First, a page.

Does Pete Peterson Want to Take Away Your Health Insurance?
Pete Peterson, the Commerce Secretary in the Nixon administration who made billions of dollars as a founder of the Blackstone Group, "is known as one of the top beneficiaries of the fund managers’ tax break, through which he personally pocketed tens of millions of dollars," according to Dean Baker of the Center for Economic and Policy Research.
Now Peterson is headling at President Obama's economic summit this week, along with Baker, who accuses the billionaire of using his Wall Street wealth to try to cut Social Security and Medicare.
"Last year he [Peterson] spent $1 billion to endow the Peter G. Peterson Foundation, which seems to have destroying these programs at the top of its agenda...Peterson’s main story is that these programs are bankrupting the government and will impose an unbearable burden on future generations."
Baker counters that "the reality is that we have a broken health care system. The projections of scary budget deficits that Peterson’s crew constantly cites is based almost entirely on projections of exploding health care costs. If the United States can get its health care system in order, as every other country has done, then we would be projecting enormous budget surpluses as far as the eye can see.
"The public would be right to be outraged that a Wall Street billionaire is trying to take away the core social insurance programs that they will be dependent on in their old age. It was the Wall Street crew that wrecked the economy, costing millions of people their jobs and tens of millions their life savings. Now Peterson wants to use much of his Wall Street winnings to take away the only source of support that tens of millions of retirees have left."
But it shouldn't be a surprise, concludes Baker. "No one expects ethical behavior from Wall Street tycoons."
Upstreamism advocate Rishi Manchanda calls us to understand health not as a "personal responsibility" but a "common good."
- Upstreamism tasks health care professionals to combat unhealthy social and cultural influences that exist outside — or upstream — of medical facilities.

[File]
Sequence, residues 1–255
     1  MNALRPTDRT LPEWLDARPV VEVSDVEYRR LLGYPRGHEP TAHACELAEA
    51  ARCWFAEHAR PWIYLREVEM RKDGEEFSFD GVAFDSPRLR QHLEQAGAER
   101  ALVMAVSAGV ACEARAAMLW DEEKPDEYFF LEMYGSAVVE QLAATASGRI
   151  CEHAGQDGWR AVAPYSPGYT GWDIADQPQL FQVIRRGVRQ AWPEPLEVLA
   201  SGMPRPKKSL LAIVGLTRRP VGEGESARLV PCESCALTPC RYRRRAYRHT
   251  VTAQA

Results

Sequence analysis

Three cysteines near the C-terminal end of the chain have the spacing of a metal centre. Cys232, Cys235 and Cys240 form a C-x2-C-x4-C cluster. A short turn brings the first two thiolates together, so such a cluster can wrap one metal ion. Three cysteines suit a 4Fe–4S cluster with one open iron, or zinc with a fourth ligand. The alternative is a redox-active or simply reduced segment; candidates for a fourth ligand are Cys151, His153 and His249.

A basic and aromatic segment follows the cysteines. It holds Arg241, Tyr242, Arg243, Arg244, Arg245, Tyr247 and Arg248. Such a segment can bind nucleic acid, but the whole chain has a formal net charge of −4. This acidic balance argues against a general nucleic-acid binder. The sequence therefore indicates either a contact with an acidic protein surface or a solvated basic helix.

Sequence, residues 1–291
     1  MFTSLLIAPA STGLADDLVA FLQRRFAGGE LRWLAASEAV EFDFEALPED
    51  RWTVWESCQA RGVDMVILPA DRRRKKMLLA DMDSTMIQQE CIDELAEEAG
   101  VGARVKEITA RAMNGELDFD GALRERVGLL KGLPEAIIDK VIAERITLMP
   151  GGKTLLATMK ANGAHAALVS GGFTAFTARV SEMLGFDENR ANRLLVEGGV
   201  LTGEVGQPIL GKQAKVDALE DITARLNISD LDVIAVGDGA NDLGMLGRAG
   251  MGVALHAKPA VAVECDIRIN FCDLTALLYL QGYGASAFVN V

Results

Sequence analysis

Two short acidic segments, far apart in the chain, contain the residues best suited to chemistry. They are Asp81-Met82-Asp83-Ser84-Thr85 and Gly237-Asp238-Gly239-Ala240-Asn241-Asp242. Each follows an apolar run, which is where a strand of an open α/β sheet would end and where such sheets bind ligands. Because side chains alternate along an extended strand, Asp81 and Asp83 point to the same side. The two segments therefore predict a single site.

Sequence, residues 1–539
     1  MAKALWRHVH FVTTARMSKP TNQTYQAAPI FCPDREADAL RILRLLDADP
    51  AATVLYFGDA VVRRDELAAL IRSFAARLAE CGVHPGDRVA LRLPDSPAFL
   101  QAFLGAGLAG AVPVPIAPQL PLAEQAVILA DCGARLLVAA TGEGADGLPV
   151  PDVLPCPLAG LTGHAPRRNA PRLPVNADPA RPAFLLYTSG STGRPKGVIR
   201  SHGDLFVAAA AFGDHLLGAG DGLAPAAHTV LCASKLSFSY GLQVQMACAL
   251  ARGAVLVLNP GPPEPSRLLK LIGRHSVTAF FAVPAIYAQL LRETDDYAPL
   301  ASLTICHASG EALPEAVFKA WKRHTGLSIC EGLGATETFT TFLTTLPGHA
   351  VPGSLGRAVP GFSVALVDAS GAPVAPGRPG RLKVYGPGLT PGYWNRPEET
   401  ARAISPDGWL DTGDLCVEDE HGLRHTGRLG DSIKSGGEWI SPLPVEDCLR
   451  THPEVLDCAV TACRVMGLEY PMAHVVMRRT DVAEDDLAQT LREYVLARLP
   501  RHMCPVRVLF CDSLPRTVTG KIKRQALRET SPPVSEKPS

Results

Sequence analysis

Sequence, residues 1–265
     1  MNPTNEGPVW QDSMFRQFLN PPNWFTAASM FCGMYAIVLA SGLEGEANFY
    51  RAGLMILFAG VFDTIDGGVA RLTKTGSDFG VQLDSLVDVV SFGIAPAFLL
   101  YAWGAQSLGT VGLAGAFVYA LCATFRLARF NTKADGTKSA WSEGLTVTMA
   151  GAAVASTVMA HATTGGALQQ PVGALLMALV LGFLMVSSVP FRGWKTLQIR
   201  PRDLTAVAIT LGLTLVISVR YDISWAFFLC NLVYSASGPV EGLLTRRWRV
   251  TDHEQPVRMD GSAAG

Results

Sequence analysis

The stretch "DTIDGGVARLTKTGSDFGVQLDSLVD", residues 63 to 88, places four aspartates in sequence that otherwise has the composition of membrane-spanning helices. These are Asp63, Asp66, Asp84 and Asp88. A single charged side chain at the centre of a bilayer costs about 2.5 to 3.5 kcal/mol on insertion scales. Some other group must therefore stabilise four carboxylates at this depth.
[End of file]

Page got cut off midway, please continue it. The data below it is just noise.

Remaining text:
- Patients from low-income neighborhoods are most at risk of negative health impacts.
- Thankfully, health care professionals are not alone. Upstreamism is increasingly part of our cultural consciousness.
It marks a major shift in the government's battle against the opioid crisis.
- The nation's sixth-largest drug distributor is facing criminal charges related to failing to report suspicious drug orders, among other things.
- It marks the first time a drug company has faced criminal charges for distributing opioids.
- Since 1997, nearly 222,000 Americans have died from prescription opioids, partly thanks to unethical doctors who abuse the system.
A new study shows that some men's reaction to sex is not what you'd expect, resulting in a condition previously observed in women.
The real Game of Thrones might be who best leverages the hit HBO show to shape political narratives.
- Sen. Elizabeth Warren argues that Game of Thrones is primarily about women in her review of the wildly popular HBO show.
- Warren also touches on other parallels between the show and our modern world, such as inequality, political favoritism of the elite, and the dire impact of different leadership styles on the lives of the people.
- Her review serves as another example of using Game of Thrones as a political analogy and a tool for framing political narratives.
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